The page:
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My Mom is a Hoarder: Part Two

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When does collecting cross the line into mental illness? In one mom's case, it was when hoarding got so bad she was literally pushed out of her house and living homeless. Hear her story and what our expert says are warning signs.

Yesterday, we told you about the Buzzfeed pictures of a "packrat" mom's house, and explored the topic of hoarding.

When collecting reaches this point, it's called "compulsive hoarding disorder" -- and it's no joke. Hoarders put themselves and neighbors in danger due to fire hazards, unsanitary conditions, and even the real possibility of getting buried under an avalanche of junk.

Yesterday, in Part One of our two-part series, we met Jennifer, a wife and mother of two, a self-proclaimed collector and "hoarder" who says that the thousands of things she has amassed from flea markets, thrift stores, and the streets are treasures.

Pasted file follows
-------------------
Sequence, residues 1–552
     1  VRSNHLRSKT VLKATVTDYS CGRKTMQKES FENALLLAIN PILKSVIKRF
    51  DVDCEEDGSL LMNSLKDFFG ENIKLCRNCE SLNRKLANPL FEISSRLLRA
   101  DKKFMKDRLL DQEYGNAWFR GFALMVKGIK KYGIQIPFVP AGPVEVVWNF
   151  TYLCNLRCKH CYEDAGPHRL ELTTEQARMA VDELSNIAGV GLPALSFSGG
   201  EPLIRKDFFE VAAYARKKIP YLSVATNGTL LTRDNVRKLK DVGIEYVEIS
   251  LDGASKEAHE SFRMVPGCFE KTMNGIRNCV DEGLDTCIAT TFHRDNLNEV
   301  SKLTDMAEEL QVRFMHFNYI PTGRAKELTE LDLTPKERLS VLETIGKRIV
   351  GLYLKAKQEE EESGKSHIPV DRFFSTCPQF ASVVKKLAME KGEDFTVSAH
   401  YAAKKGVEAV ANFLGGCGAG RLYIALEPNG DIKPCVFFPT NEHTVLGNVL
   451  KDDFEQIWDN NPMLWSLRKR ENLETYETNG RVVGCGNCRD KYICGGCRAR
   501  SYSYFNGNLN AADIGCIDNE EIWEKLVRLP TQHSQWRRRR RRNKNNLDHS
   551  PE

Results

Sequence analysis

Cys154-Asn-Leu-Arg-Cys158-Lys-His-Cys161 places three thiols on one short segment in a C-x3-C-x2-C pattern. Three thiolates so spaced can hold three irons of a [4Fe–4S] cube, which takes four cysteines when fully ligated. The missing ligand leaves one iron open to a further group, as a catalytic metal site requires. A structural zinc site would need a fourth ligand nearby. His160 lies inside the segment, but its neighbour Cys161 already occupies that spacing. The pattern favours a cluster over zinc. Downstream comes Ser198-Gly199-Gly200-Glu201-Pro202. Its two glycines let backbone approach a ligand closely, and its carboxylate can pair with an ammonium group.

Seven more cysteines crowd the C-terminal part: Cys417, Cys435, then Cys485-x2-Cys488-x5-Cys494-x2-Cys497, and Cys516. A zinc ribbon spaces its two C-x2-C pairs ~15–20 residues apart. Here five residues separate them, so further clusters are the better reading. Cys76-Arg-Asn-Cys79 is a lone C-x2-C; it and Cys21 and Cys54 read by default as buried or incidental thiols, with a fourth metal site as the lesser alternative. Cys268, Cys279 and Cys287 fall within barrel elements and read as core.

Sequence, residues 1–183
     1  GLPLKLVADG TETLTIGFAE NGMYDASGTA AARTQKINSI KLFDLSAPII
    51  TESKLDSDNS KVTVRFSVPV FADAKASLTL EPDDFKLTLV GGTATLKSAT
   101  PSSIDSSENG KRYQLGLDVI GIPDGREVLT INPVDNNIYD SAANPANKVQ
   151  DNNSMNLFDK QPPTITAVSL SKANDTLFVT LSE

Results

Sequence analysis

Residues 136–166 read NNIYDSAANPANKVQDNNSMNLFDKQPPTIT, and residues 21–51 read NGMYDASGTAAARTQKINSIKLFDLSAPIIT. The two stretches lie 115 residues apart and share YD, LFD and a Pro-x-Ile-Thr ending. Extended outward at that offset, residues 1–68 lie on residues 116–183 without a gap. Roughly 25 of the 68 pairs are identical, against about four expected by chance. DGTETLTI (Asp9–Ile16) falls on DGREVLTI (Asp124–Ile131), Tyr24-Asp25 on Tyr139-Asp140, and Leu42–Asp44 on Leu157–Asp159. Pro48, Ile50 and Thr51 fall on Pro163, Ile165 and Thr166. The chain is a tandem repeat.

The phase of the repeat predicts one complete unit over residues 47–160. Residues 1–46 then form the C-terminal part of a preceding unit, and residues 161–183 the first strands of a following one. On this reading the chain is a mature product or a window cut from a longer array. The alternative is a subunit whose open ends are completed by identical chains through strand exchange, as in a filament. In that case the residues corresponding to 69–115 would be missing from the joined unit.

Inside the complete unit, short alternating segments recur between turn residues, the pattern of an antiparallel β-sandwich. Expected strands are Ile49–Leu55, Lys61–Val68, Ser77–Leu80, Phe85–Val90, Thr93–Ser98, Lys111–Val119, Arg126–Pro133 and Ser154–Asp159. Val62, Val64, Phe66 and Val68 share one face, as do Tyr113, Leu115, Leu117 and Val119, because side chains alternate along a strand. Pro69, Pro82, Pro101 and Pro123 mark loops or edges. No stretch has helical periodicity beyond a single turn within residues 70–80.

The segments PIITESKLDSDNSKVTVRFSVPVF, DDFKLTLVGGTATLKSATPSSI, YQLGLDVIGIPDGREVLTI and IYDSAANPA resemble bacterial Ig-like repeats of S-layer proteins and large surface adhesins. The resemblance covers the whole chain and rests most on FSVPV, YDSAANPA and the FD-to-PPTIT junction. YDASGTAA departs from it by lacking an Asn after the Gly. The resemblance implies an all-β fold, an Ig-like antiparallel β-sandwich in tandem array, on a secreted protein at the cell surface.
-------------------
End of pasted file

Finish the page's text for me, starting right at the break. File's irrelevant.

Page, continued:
Today we'll meet Cynthia Lester, a documentary filmmaker whose mother, Eugenia, suffers from obsessive hoarding disorder. At her worst, her mother was so bad that she was living in her garden because she couldn't get into her house anymore. Things got so bad that the city threatened to take her mom's home away, so she and her brothers stepped in. Cynthia actually documented everything in her documentary "My Mother's Garden" -- and what happened next was something no one expected. She captured it all on film.